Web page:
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Arquivos de Gastroenterologia

Print version ISSN 0004-2803On-line version ISSN 1678-4219

Arq. Gastroenterol. vol.46 no.1 São Paulo Jan./Mar. 2009 



The resistance to fluconazole in patients with esophageal candidiasis


Resistência ao fluconazol em pacientes com candidíase esofágica



Ana Botler WilheimI; Demócrito de Barros Miranda-FilhoI; Rodrigo Albuquerque NogueiraII; Rossana Sette de Melo RêgoIII; Kedma de Magalhães LimaIV; Leila Maria Moreira Beltrão PereiraI

IDepartment of Internal Medicine, School of Medical Sciences, University of Pernambuco
IISchool of Medical Sciences, University of Pernambuco
IIIMicrobiology Department, NKB Diagnosis of Pernambuco
IVDepartment of Tropical Disease, Federal University of Pernambuco, Recife, PE, Brazil





CONTEXT: Esophageal candidiasis is often observed in patients with risk factors for its development and fluconazole is the therapeutic choice for the treatment of this disease.
OBJECTIVES: To determine its frequency, by performing upper digestive endoscopy; to determine Candida species involved in its pathogenesis and verify their distribution according with the predisposing factors and to determine susceptibility to fluconazole in the samples.
METHODS: From March 2006 to April 2007, all patients submitted to esophagogastroduodenoscopy at the Digestive Endoscopy Unit in the Oswaldo Cruz University Hospital, Recife, PE, Brazil, were eligible for the study. Samples were collected from patients who presented lesions consistent with esophageal candidiasis in order to identify Candida species and verify their susceptibility to fluconazole. The predisposing factors for the occurrence of esophageal candidiasis were described.
RESULTS: Of 2,672 patients referred to upper endoscopy at the Digestive Endoscopy Unit, 40 (1.5%) had endoscopic findings compatible with esophageal candidiasis. The average age was 49.1 years. Twenty one patients (52.5%) were less than 50 years old, of which 82.6% were infected with HIV. Most of them (52.5%) were males and 65.0% were inpatients. Diseases were identified in 90% of the patients and 21 (52.5%) were HIV positive. Concerning endoscopic findings, severe forms of esophagitis were found in 50% of the patients with CD4 count <200. Non-albicans Candida species were isolated in 22.7% of HIV positive and in 45% HIV negative patients. A total of 6 (14.28%) samples were resistant to fluconazole, while 2 (4.76%) samples had dose depending susceptibility to this drug.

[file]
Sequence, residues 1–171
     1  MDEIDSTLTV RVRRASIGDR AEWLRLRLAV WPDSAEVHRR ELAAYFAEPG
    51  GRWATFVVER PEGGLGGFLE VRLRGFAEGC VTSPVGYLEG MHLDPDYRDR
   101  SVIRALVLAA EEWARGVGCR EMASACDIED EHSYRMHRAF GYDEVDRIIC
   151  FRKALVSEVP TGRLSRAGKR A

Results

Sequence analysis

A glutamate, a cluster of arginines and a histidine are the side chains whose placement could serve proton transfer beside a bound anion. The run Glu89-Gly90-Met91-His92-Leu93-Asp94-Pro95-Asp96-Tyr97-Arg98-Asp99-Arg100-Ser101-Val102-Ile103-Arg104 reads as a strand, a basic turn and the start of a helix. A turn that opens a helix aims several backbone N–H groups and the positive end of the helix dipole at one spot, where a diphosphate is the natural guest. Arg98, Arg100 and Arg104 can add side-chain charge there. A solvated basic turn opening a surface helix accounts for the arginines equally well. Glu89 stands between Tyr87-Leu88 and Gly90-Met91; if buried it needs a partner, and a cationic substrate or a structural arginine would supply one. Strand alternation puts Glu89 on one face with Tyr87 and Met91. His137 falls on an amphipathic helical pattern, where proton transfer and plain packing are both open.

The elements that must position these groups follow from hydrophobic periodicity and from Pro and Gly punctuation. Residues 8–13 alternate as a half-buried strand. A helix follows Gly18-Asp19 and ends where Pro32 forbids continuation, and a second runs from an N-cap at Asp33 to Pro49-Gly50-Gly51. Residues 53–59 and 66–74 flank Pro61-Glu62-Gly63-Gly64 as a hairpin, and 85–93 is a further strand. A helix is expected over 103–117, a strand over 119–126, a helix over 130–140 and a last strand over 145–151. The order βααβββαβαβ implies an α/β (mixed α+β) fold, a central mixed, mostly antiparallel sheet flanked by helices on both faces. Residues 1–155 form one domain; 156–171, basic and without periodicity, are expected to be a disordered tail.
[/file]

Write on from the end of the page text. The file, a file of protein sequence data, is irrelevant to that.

CONCLUSIONS: Esophageal candidiasis prevalence was low, although within the results described by other authors. Male and inpatients were the most affected. The species isolated varied according to the characteristics of each group studied. Both, resistance and dose-depending susceptibility to fluconazole were considered high.

Headings: Candidiasis. Esophageal diseases. Fluconazole. Drug resistance, fungal.


CONTEXTO: A candidíase esofágica é comumente observada em pacientes com fatores de risco para seu desenvolvimento.
OBJETIVOS:Determinar a freqüência da candidíase esofágica, por meio da endoscopia digestiva alta; identificar as espécies de Candida envolvidas na patogênese da candidíase esofágica e sua distribuição de acordo com o fator predisponente; determinar a susceptibilidade ao fluconazol nas amostras coletadas.
MÉTODOS: De março de 2006 a abril de 2007, os pacientes submetidos a esofagogastroduodenoscopia no Hospital Universitário Oswaldo Cruz, Recife, PE, foram considerados elegíveis para o estudo. Aqueles que apresentaram lesões compatíveis com candidíase esofágica tiveram amostras coletadas para a identificação das espécies de Candida, de sua sensibilidade ao fluconazol e descritos os fatores de risco para a doença.
RESULTADOS: Dos 2.672 pacientes encaminhados para endoscopia, 40 (1,5%) apresentaram achados compatíveis com candidíase esofágica. A média de idade foi de 49,1 anos. Vinte e um pacientes (52,5%) tinham menos que 50 anos, dos quais 82,6% eram infectados pelo HIV. A maioria (52,5%) era homens e 65,0% encontravam-se internados. Fatores predisponentes foram identificados em 90% da amostra, sendo que 21 (52,5%) eram HIV positivos. As formas mais graves de esofagite foram encontradas em 50% dos pacientes com CD4 <200. Espécies de Candida não-albicans foram detectadas em 22,7% dos pacientes HIV positivos e em 45% dos pacientes não infectados. A resistência ao fluconazol foi observada em seis amostras (14,28%) e a sensibilidade dose-dependente em duas (4,76%).
CONCLUSÃO:A prevalência de candidíase esofágica foi baixa, embora dentro de variação esperada. Pacientes homens e que estavam internados foram os mais acometidos. Houve variação nas espécies encontradas, de acordo com as características dos grupos estudados. Tanto a resistência ao fluconazol como a sensibilidade dose-dependente foram consideradas altas.